With the passing of Tochinoumi on Jan. 29 there are now just 15 surviving active or retired yokozuna.
Sumo’s highest rank has few, if any, parallels in other sports. Perhaps the closest comparison would be an NFL quarterback finding himself inducted into the Hall of Fame while still active, but even then, no football player (or indeed any athlete) is expected to be the living embodiment of their game in quite the same way a yokozuna is for sumo.
The summit of Japan’s national sport is rarefied air. Reaching it takes outstanding performances against the very best opponents, while staying on the mountaintop requires dignity and decorum both inside and outside the ring.
So unique and important is the position of yokozuna that there is a separate independent body whose sole task is to judge the worthiness of those holding, or attempting to reach, the rank.
The intense scrutiny and pressure that comes with being a yokozuna however, generally only applies while a rikishi is active. Once freed of that obligation, it’s no surprise that some former yokozuna have been more than happy to fade into the background upon retirement. It’s likely that very few people who passed Tochinoumi on the street in recent years would have realized that the ordinary looking pensioner with the swept back hair was a former yokozuna.
Foreign sumo fandom, thanks to its exploding numbers in recent years, has a particularly acute recency bias. A huge number of fans outside this country have never seen Asashoryu fight live, never mind Akebono or Asahifuji.
With that in mind here are some facts that you may or may not know about the 13 living former yokozuna.
Kitanofuji, the 55th yokozuna is now into his seventh decade of involvement with sumo. A 10-time Emperor’s Cup winner and stablemaster who raised two yokozuna, the always impeccably dressed Kitanofuji has been the face of televised sumo commentary for the past several decades.
A large portrait commemorating the 56th yokozuna Wakanohana’s perfect 15-0 championship in November 1978 that has hung in JR Ryogoku Station for many years is the only one on the right side as you enter the station. All other portraits are on the left.
Despite fighting in a time when rikishi almost never put their hands on the ground before a bout, the 57th yokozuna, Mienoumi, upon becoming JSA Chairman, instituted a strict “two hands down” policy that resulted in endless false starts and chaos in the ring during the 2008 autumn tournament.
Hokutoumi, the 61st yokozuna is one of only a handful former yokozuna to have the same number of titles as runner-up finishes. Chairman of the JSA since 2015, he is the first-ever member of Takasago Ichimon to hold that position.
Onokuni, who retired 20 years ago, is the last yokozuna to have hailed from the former sumo powerhouse of Hokkaido. As head of the PR dept., he is the JSA member most often quoted in news articles these days.
Asahifuji, the 63rd yokozuna, had a tougher time than most getting to the top of the sumo pyramid. In the wake of the Futahaguro scandal, the JSA became reluctant to promote new yokozuna. Five straight runner-up performances from September 1988, including two where he defeated a yokozuna (only to lose to the same man in a title playoff) weren’t deemed sufficient. A year later Asahifuji finally won back-to-back titles and earned the white rope.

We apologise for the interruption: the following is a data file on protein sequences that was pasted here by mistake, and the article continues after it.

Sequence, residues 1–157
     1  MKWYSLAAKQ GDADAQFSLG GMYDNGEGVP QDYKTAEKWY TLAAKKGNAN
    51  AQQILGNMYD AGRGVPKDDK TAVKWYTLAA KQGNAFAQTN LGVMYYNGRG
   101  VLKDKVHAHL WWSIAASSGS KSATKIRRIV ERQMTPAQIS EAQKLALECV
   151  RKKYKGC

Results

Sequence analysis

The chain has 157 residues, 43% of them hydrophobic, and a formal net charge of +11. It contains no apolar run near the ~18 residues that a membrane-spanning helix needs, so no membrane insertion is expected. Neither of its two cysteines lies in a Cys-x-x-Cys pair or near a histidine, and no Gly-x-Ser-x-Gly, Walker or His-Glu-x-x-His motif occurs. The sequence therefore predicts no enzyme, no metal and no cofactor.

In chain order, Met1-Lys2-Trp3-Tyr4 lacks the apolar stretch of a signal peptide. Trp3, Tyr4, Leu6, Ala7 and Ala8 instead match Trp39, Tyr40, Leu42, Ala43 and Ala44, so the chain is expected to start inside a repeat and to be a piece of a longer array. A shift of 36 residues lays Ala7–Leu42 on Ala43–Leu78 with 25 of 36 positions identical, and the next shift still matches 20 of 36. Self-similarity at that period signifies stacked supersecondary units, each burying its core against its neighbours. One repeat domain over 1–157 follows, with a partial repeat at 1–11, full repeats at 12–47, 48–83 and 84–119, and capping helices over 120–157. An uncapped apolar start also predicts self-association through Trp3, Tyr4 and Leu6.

Sumo’s glass ceiling was finally broken in March 1993 when Akebono was promoted to the sport’s highest honor. The 64th yokozuna was first ever foreigner at that rank.
Nephew of a legendary yokozuna and son of one of the most beloved ozeki of all time, the 65th yokozuna Takanohana and his older brother pushed sumo’s popularity to unprecedented heights during the early part of their careers. With legions of young fans screaming with excitement whenever the young stars appeared, the Waka-Taka boom was as close as sumo ever came to Beatlemania.
While his younger brother stayed in sumo and eventually took over their father’s stable, Wakanohana embarked on a very different path after retirement. The 66th yokozuna attempted to forge a second career in football. While a tryout with the Atlanta Falcons didn’t lead to an NFL contract, Wakanohana did have stints in Japan’s X League and with an Arena Football team in the U.S.
After five years as an ozeki, and with three titles to his name, it seemed as if Musashimaru’s career had peaked. The American Samoa-born giant broke out over the next 3½ years, though, lifting nine more Emperor’s Cups, becoming the 67th yokozuna and retiring as the most successful foreign rikishi of all time to that point.
The 68th yokozuna was the first not to hail from the U.S. or Japan. Asashoryu was a tightly wound ball of rage and intensity that dominated opponents both physically and mentally.
These days, the Mongolian legend can often be found lobbing verbal grenades at the current generation of wrestlers on Twitter during tournaments. The Akinori part of his ring name is an alternative reading of the kanji characters for Meitoku — the Japanese high school he attended before turning pro.
Harumafuji, the 70th yokozuna, is an accomplished painter. While active he even had a series of works exhibited at a galley in Tokyo’s upscale Ginza district.
Like a couple of his predecessors, the 72nd yokozuna is a lifelong fan of football. Kisenosato didn’t follow Wajima and Wakanohana in putting on pads after retirement, however. Instead, the man most recently promoted to sumo’s highest rank, turned to the commentary booth and has had stints calling the Rice Bowl — Japan’s national championship game.
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